Now that we had worked on all the aspects of design, from application to branding, it was time to take it to the wider Frappe ecosystem, starting with Frappe Framework. Frappe Framework is the heart of the application layer for ERPNext. Frappe provides most of the standard views that are seen in ERPNext. From May onwards we started working on a marathon project to redesign both ERPNext and Frappe along with Timeless. With Frappe Books, we had our vision and branding in place. Now the challenge was to scale 10X in complexity and execution.
Frappe Framework (FF) has dozens of components, from buttons, inputs to alerts and badges. The first step was to take all the components from the Frappe Books application design and put them in a design system. These would then be the building blocks of all the different views inside Frappe Framework.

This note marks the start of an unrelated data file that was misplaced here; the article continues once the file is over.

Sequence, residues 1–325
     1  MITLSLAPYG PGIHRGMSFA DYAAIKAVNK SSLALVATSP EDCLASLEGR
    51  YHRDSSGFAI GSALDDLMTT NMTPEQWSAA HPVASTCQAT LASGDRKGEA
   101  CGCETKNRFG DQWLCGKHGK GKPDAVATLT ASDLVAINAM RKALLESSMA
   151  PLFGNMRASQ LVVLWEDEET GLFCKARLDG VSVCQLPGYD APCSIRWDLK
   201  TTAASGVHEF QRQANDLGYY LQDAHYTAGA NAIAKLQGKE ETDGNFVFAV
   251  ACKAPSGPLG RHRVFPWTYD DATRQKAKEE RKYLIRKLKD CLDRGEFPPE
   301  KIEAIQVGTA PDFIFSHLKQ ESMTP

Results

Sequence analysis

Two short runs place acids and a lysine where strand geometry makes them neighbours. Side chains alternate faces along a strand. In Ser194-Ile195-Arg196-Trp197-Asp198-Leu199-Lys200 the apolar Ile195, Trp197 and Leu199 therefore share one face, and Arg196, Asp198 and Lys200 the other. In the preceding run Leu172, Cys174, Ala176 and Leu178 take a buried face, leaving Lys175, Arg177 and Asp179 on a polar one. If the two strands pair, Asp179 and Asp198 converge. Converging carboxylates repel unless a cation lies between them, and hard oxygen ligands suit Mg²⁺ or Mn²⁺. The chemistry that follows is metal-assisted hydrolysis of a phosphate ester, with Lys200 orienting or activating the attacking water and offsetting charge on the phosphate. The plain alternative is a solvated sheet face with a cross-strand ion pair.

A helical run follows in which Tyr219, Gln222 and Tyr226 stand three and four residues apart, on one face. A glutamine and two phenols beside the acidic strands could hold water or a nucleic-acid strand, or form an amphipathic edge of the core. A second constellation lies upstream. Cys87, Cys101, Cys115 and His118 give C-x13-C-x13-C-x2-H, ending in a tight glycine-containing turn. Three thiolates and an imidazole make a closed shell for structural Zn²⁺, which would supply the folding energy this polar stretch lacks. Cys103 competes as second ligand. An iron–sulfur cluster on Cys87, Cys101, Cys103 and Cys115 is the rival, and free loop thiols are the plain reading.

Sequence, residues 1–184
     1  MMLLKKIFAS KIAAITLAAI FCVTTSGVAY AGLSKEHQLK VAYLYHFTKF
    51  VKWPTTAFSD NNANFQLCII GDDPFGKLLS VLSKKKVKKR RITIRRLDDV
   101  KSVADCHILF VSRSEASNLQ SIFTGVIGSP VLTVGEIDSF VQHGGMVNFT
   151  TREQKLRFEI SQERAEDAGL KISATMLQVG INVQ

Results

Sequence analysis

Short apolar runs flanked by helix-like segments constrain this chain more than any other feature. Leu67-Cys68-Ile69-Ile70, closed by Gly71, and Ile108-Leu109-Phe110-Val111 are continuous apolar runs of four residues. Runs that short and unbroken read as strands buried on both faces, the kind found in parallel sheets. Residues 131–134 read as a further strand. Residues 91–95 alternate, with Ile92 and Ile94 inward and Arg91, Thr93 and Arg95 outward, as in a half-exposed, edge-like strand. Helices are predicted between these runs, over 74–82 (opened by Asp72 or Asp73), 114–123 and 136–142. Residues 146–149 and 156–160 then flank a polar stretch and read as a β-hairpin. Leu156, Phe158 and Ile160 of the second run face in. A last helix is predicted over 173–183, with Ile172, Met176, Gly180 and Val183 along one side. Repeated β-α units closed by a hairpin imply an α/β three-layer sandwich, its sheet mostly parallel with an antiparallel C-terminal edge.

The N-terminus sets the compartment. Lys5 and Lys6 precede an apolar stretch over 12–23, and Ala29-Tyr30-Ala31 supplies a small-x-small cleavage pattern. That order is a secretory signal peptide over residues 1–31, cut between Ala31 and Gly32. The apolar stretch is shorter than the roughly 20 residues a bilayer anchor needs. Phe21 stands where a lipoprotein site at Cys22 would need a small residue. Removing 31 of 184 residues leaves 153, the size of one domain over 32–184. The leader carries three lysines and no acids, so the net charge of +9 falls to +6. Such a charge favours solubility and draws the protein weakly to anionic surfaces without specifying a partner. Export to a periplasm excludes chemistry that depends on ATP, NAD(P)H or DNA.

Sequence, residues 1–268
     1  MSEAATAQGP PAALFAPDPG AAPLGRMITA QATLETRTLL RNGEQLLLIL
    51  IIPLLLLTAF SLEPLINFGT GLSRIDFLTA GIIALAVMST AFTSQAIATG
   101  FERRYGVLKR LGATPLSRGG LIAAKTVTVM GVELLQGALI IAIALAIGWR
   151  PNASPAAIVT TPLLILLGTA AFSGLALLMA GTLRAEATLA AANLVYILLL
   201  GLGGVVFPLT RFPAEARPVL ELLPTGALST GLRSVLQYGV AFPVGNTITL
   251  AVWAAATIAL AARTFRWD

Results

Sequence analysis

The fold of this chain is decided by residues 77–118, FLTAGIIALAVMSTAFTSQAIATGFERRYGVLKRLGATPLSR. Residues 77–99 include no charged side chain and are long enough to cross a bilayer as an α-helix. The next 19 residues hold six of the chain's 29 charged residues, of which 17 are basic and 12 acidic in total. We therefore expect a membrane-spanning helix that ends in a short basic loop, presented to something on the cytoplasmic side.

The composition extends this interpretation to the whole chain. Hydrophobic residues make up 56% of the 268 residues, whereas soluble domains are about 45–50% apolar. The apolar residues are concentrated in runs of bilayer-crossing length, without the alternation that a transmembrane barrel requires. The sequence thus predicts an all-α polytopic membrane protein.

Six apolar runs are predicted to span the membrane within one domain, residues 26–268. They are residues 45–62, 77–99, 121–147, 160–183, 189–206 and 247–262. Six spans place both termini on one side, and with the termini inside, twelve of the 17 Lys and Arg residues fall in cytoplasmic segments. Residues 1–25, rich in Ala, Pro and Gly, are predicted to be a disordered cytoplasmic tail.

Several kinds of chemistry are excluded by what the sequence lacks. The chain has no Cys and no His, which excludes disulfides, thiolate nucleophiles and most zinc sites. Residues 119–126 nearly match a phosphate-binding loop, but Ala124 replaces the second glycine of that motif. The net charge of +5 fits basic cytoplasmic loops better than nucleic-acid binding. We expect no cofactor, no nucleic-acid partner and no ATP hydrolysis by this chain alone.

Frappe Design Components
The information hierarchy in FF is that a unit of information is called a Document and documents are grouped by their types, called DocTypes, which are then grouped into Modules. Each of these entities has multiple standard views. DocTypes can be represented in a list, a spreadsheet like grid, a tree, a calendar or a kanban board. Individual documents have an editable form view, a print view and possibly a web view. So three core entity classes (records, collections and modules) and their multiple views.
There are a lot of standard operations like workflows, assignments, permissions that also need to be incorporated into the design. While the Timeless team started to build the components, the Frappe team started to implement them. As the implementation progressed, we found more and more situations, like empty states, and fully activated states that needed different design treatment. Some of the components like the document “timeline” were completely redesigned.
Frappe Standard Views
Rebrand or Refactor?